And through it all we hooted and guffawed and… okay, irritated the sour-looking blonde woman a few rows in front of us. Granted, we weren’t the only ones talking back at the screen and applauding and howling but, quite frankly, we were probably the loudest. Not the strangest, though. That honor goes to the young man who attempted to charm his way into Amy’s and Tara’s individual pants through the time-tested method of seduction via card tricks. Granted, he was a very good up-close magician. Also granted, he arrived and departed alone.
On the whole, I would give the entire evening an 11.5. If you weren’t in attendance, you can hang your head with shame. If you were there, I apologize for the numerous circumcision jokes.
I've been harassing a great deal of you with my outrage at the upcoming The Spirit movie that Frank Miller, after years of a close friendship with creator Will Eisner, seems intent on turning into Sin City 2.
I know most of you have no frame of reference for what I'm talking about. So I will ask that you all go Here to my article at Film Threat and read my final vitriolic screed on the subject. I swear I'll leave you alone after this, but please take the time to check it out.
Leave me a message here. Let me know if you think I'm blowing this out of proportion. That it's going to be "just a movie". I promise I won't slaughter any of your sacred cows in retaliation if that's how you feel. I just want my two cents to be taken without change returned.
Monday, October 13, 2008
Briefly… It was another terrific Cinema Wasteland. Seriously, I almost wish Ken and Pam would put on one that sucked just to break up their record! But no, we had a vast amount of fun, made a decent amount of money and got to see our bi-annual friends and catch up with life. This trip we had a few "newbies"—Tara Cooper (who truthfully lost her Wasteland virginity in April), Tabatha Carrick, Nikki McCrea and Aaron Bernard came out to help us promote Demon Divas and the Lanes of Damnation and it was fun watching the madness unfold through their eyes. Seriously, how do you describe writer Joe Knetter ("Zombie Bukkake") without visuals? How do you explain the films of Bill Zeebub without the proper demonstrative tools? And since we had Henrique Couto with us, and his ever-present ukulele, that just added to the surrealistic nature of the weekend.
There was a last-minute snafu, however, that turned things on an interesting curve for us. Damian and Ed, the creators of the ubiquitous "Living Dead Dolls", had to cancel at the very last minute due to transportation problems. To keep from having empty spaces, Pam shuffled some of us around, putting the Teddy Scares folks in the corner usually occupied by "Living Dead Dolls" and moving us behind Art and Allana's Ultra-Violent table. So for the first time in, I believe, five years, we weren't facing the door.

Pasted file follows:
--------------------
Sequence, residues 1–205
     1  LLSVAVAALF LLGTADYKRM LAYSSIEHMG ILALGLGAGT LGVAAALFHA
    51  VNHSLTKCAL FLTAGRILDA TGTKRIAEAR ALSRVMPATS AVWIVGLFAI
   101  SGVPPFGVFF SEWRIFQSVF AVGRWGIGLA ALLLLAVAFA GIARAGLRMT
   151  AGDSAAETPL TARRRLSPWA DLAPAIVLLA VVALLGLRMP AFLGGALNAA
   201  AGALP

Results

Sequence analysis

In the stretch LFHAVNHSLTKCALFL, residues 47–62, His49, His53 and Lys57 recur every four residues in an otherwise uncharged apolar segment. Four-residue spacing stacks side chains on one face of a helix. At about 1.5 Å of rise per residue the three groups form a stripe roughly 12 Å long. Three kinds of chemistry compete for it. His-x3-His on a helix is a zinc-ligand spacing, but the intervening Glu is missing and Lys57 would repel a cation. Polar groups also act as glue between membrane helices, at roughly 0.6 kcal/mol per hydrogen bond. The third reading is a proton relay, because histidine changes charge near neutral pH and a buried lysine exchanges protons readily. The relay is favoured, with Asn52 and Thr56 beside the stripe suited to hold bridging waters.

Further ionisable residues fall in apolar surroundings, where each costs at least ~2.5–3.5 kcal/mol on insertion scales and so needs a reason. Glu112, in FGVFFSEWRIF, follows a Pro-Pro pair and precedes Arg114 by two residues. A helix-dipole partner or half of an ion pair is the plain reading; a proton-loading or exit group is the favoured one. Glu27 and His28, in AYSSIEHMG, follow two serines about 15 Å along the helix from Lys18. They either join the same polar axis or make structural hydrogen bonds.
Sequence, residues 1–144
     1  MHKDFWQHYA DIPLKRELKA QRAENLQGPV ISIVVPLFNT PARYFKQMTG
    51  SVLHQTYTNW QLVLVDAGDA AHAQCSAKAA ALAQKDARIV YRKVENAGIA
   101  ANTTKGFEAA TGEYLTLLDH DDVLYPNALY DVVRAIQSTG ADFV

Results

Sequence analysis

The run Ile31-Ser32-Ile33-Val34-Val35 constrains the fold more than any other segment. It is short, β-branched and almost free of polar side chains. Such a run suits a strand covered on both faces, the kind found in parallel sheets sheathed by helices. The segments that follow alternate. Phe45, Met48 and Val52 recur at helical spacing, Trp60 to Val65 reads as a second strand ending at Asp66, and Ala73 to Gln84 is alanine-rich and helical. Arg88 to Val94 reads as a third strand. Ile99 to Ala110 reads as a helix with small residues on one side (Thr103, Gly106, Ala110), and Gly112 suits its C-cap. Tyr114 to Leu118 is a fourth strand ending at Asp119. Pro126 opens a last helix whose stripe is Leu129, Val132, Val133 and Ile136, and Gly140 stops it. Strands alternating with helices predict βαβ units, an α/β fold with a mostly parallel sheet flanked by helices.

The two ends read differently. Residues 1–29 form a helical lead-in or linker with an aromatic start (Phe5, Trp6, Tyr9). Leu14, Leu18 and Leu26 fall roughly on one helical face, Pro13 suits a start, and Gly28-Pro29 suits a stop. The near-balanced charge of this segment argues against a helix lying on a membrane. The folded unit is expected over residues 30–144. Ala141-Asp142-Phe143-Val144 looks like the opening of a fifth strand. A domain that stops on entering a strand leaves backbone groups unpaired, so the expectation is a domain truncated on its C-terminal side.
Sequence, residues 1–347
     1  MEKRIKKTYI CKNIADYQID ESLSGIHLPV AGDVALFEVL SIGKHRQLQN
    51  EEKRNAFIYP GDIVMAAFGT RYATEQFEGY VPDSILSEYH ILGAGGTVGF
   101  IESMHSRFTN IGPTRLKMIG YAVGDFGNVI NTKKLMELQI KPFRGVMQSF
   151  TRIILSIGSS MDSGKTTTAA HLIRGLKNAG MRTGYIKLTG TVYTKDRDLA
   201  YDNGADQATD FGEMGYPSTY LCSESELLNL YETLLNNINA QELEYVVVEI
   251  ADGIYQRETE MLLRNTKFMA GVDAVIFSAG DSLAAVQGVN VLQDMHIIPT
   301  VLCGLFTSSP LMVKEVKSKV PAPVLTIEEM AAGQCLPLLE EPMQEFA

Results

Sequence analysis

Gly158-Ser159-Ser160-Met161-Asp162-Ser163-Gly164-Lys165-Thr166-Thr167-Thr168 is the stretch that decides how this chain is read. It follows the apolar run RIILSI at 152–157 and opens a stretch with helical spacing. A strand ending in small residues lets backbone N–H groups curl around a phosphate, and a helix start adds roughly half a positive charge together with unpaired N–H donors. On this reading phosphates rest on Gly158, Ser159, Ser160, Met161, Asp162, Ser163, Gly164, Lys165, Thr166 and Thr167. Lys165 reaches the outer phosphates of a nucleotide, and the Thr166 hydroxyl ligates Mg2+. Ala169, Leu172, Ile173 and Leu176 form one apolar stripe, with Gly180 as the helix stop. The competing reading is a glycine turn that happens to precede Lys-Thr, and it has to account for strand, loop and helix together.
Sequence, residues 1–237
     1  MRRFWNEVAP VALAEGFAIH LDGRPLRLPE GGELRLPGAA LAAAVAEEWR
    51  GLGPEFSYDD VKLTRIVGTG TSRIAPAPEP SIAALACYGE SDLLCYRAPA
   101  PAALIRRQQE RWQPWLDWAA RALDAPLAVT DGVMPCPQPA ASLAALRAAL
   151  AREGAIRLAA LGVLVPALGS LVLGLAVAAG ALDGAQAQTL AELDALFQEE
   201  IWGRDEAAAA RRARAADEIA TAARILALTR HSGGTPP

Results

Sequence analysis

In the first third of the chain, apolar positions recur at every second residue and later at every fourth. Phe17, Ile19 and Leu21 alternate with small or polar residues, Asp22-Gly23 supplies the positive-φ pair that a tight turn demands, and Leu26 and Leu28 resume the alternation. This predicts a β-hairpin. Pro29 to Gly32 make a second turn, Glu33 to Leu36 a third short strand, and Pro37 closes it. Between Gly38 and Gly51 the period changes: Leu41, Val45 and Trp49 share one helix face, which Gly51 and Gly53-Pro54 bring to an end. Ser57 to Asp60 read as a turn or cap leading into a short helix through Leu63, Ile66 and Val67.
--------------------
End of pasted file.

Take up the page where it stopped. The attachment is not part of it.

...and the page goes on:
Now you wouldn't think something as minor as that would be a disaster—and in truth, it wasn't. But it was a completely new perspective for us, facing the room instead of the door. Because Wasteland is one of our favorite places on Earth, we don't handle change well. Hell, we nearly wept when our directly-behind-us neighbors moved an aisle over for more space! Now where we were, we were given a bigger table and had all the space we needed to spread out (necessary, as we're behind-the-table slobs), but it was almost an alien perspective at first. I experienced instant paranoia, thinking people were sneaking up on me all weekend. Again, not a big deal except what we made of it. We were still there among the ones we loved and by on Friday, we were used to the view, but beyond anything else, we discovered what creatures of habit we truly are.
I'm choosing to blame our Friday-night rule breaking on the new perspective, even though I should really pin the accusations on our own lack of responsibility. Friday nights we try to take things easy, get to bed at a decent hour and save our partying for Saturday. But the French Canadians—Simon, Hugo and Steve—were in the house as well, and they can drink us virtually under the table so… we slipped.
I didn't get hammered, but since my drink of choice is rum and coke, invariably, if I drink too much, the alcohol wears off faster than the caffeine. As a result, I spent much of the nocturne hours between and staring at the blinking light on the smoke alarm, growing increasingly convinced that Dick Cheney was watching me. Amy and Tara fared no better. For some reason, the Holiday Inn chose to replace their downy comforters with something made either out of crinoline or old tambourines. Regardless of their composition, every move any of us made beneath those comforters would echo through the room. Madness, I tell you.